This Skyscraper fails to soar

Source: The Hitavada      Date: 21 Jul 2018 12:07:46


 

FILM REVIEW

Skyscraper

By Farina Salim Quraishi,

It’s Dwayne Johnson to the rescue yet again… however there is little escaping the strong sense of déjà vu that stays on for the most part of Skyscraper. Despite all ‘Rock’ solid ingredients of a Dwayne Johnson movie - including a gold-hearted commoner, a disaster brewing, a family in peril, and the Rock rising to the occasion - thrown in and some more, Skyscraper fails rise above mediocrity and scores low on originality. A pastiche of several big-ticket actioners, including some of Dwayne Johnson’s runaway hits themselves, Skyscraper is as derivative as it can get employing every trope in the tried-and-tested theme to fire up a bombastic storm.

Skyscraper has Dwayne Johnson as Will Sawyer, a former FBI Hostage Rescue chief, working as a high-rise security consultant. Ten years ago, Will led his team on a rescue mission and lost his leg after the hostage situation went haywire. Fitted with a prosthetic leg, Will has embraced life and his disability wholeheartedly, all the while trying hard to overcome the emotional scars.

Will’s latest assignment takes him all the way to Hong Kong, where he is hired as security consultant for the tallest skyscraper in the world, The Pearl. With his family in tow - wife Sarah and two children, Will sets about assessing The Pearl, which is a safety hazard by all counts.

Even as the building owner Zhao Min Zhi and Will scramble around to plug the safety and security loopholes, an international terrorist organisation lead by Botha (Roland Moller) targets the building setting it’s 96th floor on fire. With the fire specifically targeted to destroy the building’s high-tech fire safety system, the high-rise is soon engulfed in flames, trapping Will’s family on the floors above. To make matters worse, Will is framed for the sabotage and arson with the Hong Kong Police hot on his heels.

Though an original story written by director Rawson Marshall Thurber, Skyscraper is a cross between Die Hard and The Towering Inferno, of course with more muscle and burning concrete. The soft homage to Bruce Willis’ Die Hard is obvious never mind if the stakes faced by John McClane in Nakatomi Plaza look minuscule in comparison to the odds Will has to face 3500 feet above the ground in The Pearl. Also, unmistakable is the stamp of other blockbusters with more than a few sequences being throwback to Welcome To The Jungle, San Andreas, Rampage among others.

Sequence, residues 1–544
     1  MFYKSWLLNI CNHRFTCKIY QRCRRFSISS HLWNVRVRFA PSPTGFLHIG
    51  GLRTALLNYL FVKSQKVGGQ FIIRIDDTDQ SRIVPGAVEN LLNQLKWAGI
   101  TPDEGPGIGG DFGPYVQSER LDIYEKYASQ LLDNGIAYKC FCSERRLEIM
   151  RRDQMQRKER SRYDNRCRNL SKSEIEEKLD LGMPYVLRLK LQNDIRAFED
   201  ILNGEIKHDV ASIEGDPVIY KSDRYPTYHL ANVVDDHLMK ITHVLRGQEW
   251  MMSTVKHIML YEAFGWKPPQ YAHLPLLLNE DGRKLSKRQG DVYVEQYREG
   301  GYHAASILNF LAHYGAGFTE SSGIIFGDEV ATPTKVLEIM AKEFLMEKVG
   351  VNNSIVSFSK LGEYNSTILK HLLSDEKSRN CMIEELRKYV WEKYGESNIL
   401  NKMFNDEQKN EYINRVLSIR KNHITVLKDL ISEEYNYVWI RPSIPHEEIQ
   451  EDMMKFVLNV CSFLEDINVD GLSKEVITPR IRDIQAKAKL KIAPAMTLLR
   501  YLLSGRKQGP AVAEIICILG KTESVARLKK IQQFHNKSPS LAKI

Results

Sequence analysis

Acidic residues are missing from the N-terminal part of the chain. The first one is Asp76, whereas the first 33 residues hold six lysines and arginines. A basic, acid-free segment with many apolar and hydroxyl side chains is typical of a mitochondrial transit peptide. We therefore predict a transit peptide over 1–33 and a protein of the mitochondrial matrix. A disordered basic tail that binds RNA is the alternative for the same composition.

In the movie’s standout sequence wherein Johnson prepares to climb the tower’s glass exterior, using tape wrapped around his hands and shoes (Mission: Impossible - Ghost Protocol anyone?!), he mutters, “This is stupid!”. Much like Will’s self-realisation, it won’t take long for audiences to realise how silly the movie really is with its shaky foundation. With only a functional story and nonsensical plot - centering around a memory drive - powering on the movie, the film runs out of juice even before the first half ends. Despite the short run-time of 109 minutes, it’s a struggle to sit through generic and bland action-fest as it chugs around in circles.

Despite the interesting premise, Skyscraper squanders a great deal of its potential following a meandering path. Oscillating its focus from Will’s family to Botha’s twisted plan to the ever-escalating odds; Skyscraper is not a smooth run, with only the recurrent portions of Will’s stunts bringing any real joy. Sequences of Will escaping a sure-death by a whisker as he hops, jumps, flies over insurmountable barriers on the strength of his brawn and sometimes his brains alone are awesome. Even the much-memed scene wherein Will leaps from a crane unto the burning building, aided mostly by rock-solid will (will power here!) is a fantastic visual treat and is sure to induce vertigo! However, given the fact that the subsequent sequences are more or less a rehash of the same robs the action sequences of their novelty and they become repetitive as the film goes on.

Skyscraper is Dwayne Johnson’s solo show all the way. The man with a million-watt-smile has the charm to bring alive the dullest of movies, he however fails to lift this one. Courtesy the poor characterisation, Skyscraper’s Will is hardly any different from San Andreas’ Ray or Davis Okoye from Rampage, lacking a distinct connect. Moreover, Will plays a hero unencumbered by his disability but it is hardly a factor in the film beyond the odd limp or two. Neve Campbell is a welcome presence as Sarah but aside from getting to kick a few butts, the talented actress has little else to do. Also there are no worthy nemesis in Skyscraper and the villians are toothless in the extreme.

Sufficiently entertaining but overwhelmingly indistinct, Skyscraper is just an amped-up action fest which only die-hard action fans and yes, Dwayne Johnson fan will appreciate.

The Hitavada Rating: OO